A Memoir by Eddie Huang
A Spiegel & Grau hardcover, on sale January 29, 2013
***A Barnes & Noble Discover Pick***
One of the food world’s brightest and most provocative young stars, Eddie Huang is the thirty-year-old proprietor of Baohaus—the hot East Village hangout where people come to eat delicious Taiwanese street food late into the night. FRESH OFF THE BOAT is Eddie’s brutally honest, deeply reflective, and downright hilarious memoir.
You will not forget Eddie or his immigrant family as he shares their crazy, fascinating American story of assimilation and alienation, of the daily struggle for one kid to find his way through sports (Charles Barkley was his idol), music (he worshipped hip hop), friends (most of whom got him in trouble), writing (the best part of his college years), and last but not least, FOOD (rich, spicy, intense food, not the bland mac n cheese his white class mates ate that convinced him that perhaps he didn’t want to be white after all!).
Eddie grew up in theme-park America, on a could-be-anywhere cul-de-sac in suburban Orlando, raised by a wild family of FOB (“fresh off the boat”) hustlers and hysterics from Taiwan. While his father improbably launched a series of successful seafood and steak restaurants, Eddie burned his way through American culture, defying every “model minority” stereotype along the way. He obsessed over football, fought the All-American boys who called him a chink, partied hard, sold drugs with his crew, and idolized Tupac. His anchor through it all was food—from making Southern ribs with the Haitian cooks in his dad’s restaurant to preparing traditional meals in his mother’s kitchen to haunting the midnight markets of Taipei when he was shipped off to the homeland.
After misadventures as an unlikely lawyer (he was so happy to be laid off), street fashion renegade (he moved a lot of sneakers), and stand-up comic (see http://www.youtube.com/watch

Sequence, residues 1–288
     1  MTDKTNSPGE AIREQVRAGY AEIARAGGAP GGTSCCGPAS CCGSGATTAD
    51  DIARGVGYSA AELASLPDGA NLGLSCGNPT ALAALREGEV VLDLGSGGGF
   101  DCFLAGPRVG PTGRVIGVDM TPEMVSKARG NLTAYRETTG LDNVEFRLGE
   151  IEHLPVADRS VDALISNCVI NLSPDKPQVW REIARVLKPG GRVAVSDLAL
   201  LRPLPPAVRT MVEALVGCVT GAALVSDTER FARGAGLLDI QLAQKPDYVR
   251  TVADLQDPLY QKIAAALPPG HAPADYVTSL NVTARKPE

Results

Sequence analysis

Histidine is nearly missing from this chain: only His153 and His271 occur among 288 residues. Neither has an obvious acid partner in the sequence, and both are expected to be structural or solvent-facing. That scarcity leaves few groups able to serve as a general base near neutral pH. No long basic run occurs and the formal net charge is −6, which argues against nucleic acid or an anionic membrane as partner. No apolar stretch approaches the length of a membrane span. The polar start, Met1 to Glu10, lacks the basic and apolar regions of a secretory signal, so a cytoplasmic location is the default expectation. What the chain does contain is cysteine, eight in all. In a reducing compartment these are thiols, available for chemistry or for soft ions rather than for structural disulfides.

), he finally threw everything he loved—past and present, family and food—into his own restaurant, bringing together a legacy stretching back to China and the shards of global culture he’d melded into his own identity.
Funny, raw, moving, and told in an irrepressibly alive and original voice, FRESH OFF THE BOAT recasts the immigrant’s story for the twenty-first century—it’s a story of food, family, and the forging of a new notion of what it means to be American. Finally, here is the best part of this press release! Eddie in his own words describing eating noodles with his Dad in Taiwan.
Pops had only told me about the noodles and the Old Man, but I had no idea they were that close. It was as if they were each carrying something for the other. A secret, a burden, a past, but I knew better than to ask. Within minutes, two bowls of noodles appeared for us. Huge melanine bowls with khaki noodles, steaming soup, and a gremolata-like mixture of crushed peanuts, pickled radish, and chopped scallions. Of course, my Pops put chili oil in it immediately, but I wanted to taste the broth: intense, deep, and mind numbing. It was one of those bites that makes you think maybe, just maybe, your taste buds carry a cognitive key that can open something in your mind. Like the first time I heard, Lauryn Hill’s voice scratch over “Killing Me Softly” I felt that I just had a mental breakthrough via sound; there has to be something like that with taste. It was then and there that I realized, you can tell a story without words, just soup. –from FRESH OFF THE BOAT
ABOUT THE AUTHOR: EDDIE HUANG is the chef and proprietor of Baohaus restaurant in New York City. He's the host of his own series with Vice called "Fresh Off the Boat" that makes its debut in October of 2012. He's appeared on Vice's “Munchies” series, hosted a special called “Cheap Eats” on the Cooking Channel, appeared on Anthony Bourdain’s “24-Hour Layover” and appeared as a re-occuring commentator on Cooking Channel's "Unique Eats" series. He’s written for Eater.com, the New York Observer, Grantland, and his own popular blog, “Fresh Off the Boat.” He resides in New York City.